The heads of the Organization of American States (OAS) and the UN Development Program (UNDP) for Latin America and the Caribbean have launched a new guide for policy makers in the region, saying that improving local and national institutions’ management capacity is crucial to prevent and promote peaceful dispute and conflict resolution.
The OAS said on Thursday that the guide, “Early Warning and Response Systems Design for Social Conflicts,” helps public officials and civil society organizations to create prevention mechanisms and improve conflict resolution to avoid the escalation of violence that could threaten individuals, groups and democratic governance altogether.
“Early warning and response systems are just one of the many existing tools in the arsenal of actions to prevent and address social conflict because it is more effective to invest in prevention and not pay the high political, social and human costs that these entail,” said OAS Secretary General Luis Almagro said.
“This is key in times of uncertainty and when there is a slowdown in economic activity but social demands are still on the rise,” he added.
The OAS said the new publication, aside from being the first of its kind in the world, systematizes lessons learned from Latin American countries’ past experiences with early warning systems, showcasing guiding principles to put effective mechanisms in place.
The guide encourages the search for good governance systems, providing necessary guidelines for a good conflict analysis to understand the stages of a conflict to generate concrete actions on how to proceed to develop strategies and institutional policies viable for the prevention and management of social conflicts, the OAS said.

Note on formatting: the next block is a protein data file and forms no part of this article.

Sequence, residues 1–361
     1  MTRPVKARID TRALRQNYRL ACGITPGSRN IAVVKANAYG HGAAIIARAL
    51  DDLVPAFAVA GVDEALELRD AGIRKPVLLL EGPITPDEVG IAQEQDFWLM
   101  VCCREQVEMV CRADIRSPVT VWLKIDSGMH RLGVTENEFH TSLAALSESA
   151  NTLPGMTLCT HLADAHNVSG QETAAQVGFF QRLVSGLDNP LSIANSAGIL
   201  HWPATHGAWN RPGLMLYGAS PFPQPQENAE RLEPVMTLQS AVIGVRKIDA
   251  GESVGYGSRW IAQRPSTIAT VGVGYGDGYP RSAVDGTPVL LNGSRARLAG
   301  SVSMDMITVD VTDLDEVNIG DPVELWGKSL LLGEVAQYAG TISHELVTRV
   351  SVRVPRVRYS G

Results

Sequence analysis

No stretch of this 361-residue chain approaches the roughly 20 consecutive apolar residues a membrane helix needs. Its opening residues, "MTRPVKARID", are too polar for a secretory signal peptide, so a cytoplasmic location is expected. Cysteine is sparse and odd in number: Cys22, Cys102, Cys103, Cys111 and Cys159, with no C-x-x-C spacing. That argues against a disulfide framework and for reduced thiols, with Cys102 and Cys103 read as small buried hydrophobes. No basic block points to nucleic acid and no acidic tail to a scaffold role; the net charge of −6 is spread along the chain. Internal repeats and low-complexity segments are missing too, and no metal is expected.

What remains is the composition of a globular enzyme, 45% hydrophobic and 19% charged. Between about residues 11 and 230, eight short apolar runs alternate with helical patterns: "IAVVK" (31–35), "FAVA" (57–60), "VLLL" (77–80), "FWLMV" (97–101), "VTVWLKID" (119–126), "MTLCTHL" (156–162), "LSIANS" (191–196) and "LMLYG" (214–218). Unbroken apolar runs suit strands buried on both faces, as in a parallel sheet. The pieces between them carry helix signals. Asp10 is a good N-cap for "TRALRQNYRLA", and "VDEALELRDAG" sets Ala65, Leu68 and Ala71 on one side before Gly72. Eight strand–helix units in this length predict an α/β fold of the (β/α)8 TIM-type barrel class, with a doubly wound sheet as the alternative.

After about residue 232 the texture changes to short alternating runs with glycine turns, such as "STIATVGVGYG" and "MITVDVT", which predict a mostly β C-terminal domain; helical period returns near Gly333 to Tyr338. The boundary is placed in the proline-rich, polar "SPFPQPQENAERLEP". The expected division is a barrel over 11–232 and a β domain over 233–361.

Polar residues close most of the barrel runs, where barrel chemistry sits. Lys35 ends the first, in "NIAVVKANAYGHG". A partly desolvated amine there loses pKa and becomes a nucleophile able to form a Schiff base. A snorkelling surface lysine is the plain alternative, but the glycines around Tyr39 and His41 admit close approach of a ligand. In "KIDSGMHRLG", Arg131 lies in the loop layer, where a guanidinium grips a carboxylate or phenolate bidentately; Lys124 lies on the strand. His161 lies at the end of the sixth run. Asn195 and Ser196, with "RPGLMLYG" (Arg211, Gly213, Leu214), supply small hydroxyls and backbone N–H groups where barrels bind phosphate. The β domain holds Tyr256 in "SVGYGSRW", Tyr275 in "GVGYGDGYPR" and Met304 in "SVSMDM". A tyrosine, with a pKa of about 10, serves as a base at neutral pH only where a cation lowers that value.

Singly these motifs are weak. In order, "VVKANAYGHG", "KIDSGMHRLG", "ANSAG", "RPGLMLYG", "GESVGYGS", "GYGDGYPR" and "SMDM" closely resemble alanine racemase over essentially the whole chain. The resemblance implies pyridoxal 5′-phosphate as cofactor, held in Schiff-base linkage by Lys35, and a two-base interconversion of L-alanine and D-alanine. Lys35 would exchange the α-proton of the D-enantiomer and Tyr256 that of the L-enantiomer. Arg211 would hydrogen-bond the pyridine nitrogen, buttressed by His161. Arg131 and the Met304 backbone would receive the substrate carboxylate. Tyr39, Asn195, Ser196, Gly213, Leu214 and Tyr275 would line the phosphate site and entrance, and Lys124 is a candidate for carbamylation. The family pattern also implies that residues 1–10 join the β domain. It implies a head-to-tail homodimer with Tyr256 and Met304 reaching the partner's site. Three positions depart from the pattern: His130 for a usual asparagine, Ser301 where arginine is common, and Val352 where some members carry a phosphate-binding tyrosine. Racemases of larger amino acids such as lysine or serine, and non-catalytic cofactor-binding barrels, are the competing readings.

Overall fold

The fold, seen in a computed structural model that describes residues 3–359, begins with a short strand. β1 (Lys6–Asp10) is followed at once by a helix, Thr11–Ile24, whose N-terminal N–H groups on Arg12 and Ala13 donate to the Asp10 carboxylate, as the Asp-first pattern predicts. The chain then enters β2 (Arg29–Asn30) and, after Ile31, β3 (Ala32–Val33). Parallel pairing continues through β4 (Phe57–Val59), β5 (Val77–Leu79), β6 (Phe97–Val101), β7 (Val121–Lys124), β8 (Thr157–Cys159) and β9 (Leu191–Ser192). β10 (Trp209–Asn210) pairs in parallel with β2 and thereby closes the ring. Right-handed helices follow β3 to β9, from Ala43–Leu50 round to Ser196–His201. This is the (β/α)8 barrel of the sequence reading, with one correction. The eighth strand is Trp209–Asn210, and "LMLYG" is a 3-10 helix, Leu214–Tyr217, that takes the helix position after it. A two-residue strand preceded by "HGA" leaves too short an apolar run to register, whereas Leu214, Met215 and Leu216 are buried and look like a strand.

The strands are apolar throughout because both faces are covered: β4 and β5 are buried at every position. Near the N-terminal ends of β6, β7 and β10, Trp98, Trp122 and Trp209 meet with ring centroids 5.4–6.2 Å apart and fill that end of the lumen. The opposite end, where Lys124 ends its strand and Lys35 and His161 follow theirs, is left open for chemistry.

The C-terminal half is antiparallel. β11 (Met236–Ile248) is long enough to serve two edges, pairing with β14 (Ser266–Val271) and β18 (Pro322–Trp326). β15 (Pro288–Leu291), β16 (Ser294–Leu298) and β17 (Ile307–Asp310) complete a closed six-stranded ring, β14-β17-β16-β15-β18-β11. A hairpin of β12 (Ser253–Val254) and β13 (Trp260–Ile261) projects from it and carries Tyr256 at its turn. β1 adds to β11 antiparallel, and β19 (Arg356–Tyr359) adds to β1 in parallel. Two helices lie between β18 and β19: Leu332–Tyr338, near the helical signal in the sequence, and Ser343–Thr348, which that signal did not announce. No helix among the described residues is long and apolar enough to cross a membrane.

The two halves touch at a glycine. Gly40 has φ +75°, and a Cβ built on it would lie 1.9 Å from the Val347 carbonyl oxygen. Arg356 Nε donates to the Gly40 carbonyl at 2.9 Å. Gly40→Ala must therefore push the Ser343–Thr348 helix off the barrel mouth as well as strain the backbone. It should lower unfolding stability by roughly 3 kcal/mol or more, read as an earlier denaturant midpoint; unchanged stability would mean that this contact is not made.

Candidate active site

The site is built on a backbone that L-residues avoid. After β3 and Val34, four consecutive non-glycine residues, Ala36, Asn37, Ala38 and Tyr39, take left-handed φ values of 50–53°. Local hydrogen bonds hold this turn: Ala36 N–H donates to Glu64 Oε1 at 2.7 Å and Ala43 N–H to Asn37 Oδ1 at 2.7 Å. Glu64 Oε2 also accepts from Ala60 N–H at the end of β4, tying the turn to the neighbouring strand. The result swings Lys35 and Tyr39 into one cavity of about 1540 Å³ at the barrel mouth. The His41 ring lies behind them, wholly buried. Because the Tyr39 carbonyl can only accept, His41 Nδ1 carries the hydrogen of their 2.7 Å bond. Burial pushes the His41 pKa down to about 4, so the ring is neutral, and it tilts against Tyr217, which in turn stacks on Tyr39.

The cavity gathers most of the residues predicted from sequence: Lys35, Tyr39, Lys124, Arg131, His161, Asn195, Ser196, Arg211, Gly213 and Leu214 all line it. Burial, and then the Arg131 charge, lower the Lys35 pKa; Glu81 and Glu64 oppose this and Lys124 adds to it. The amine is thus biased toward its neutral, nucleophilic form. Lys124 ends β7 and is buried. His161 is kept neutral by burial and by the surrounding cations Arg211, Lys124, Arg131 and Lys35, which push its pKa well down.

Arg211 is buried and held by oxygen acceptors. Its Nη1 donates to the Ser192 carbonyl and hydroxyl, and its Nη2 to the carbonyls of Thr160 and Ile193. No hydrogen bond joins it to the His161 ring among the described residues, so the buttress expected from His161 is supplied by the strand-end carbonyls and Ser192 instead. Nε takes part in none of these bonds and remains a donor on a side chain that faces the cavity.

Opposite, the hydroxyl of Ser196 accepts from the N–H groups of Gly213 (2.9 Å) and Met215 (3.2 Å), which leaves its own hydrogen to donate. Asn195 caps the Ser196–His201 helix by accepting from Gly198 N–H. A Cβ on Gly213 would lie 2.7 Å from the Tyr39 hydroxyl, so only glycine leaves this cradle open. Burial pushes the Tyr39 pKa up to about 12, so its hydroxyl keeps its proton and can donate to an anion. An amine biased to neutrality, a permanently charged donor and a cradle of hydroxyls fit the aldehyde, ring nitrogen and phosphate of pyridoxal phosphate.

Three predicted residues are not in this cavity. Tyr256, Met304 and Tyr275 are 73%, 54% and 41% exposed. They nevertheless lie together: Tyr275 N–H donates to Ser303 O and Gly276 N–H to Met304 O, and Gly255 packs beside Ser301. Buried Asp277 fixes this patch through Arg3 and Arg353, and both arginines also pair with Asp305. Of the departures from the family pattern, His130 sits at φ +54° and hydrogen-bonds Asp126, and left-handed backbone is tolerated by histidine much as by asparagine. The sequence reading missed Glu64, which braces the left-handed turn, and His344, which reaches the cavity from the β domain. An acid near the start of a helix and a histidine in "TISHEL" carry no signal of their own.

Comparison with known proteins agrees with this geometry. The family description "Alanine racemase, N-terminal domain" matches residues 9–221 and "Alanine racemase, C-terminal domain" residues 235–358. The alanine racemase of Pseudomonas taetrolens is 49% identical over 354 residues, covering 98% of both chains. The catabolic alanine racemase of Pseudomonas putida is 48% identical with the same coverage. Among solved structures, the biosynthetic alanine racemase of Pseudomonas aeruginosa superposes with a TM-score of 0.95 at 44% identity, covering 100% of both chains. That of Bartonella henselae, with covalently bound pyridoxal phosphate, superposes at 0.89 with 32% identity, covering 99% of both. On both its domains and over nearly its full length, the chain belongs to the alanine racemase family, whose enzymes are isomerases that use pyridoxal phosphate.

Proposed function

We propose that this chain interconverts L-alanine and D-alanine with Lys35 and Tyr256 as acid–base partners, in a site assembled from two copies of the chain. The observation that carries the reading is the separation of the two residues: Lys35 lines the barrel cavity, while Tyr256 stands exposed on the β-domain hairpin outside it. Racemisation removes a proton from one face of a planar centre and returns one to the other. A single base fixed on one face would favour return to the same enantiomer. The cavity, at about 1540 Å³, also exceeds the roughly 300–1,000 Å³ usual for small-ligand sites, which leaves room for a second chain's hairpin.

“Dealing constructively with social conflicts, preventing and resolving them peacefully, while also including key groups and populations in decision-making, are essential elements for a new generation of policies, in line with the 2030 Agenda for Sustainable Development,” said UN Assistant Secretary-General and UNDP Regional Director for Latin America and the Caribbean Jessica Faieta.
“Early warning systems should be part of a comprehensive prevention strategy with other approaches such as conciliation, mediation or dialogue; institutional coordination of actors responsible for the attention and the promotion of a culture of peace among public servants and citizens,” she added.
The OAS said each system must be designed and implemented according to local contexts and specificities, taking gender and ethnic identities into account, helping citizens and public officials collect and analyze information to warn decision-makers in a timely manner, formulating action proposals, evaluating the warning system impact and the quality of the response.
“Effective systems entail cooperation between different agencies at the local, state and national levels, and must involve the highest decision-making levels, as well as the main actors demanding social change,” the OAS said.
“Social media and online networks play a crucial role as information source, helping, assess causes of conflict, promote dialogue, and raise awareness to find constructive solutions,” it added.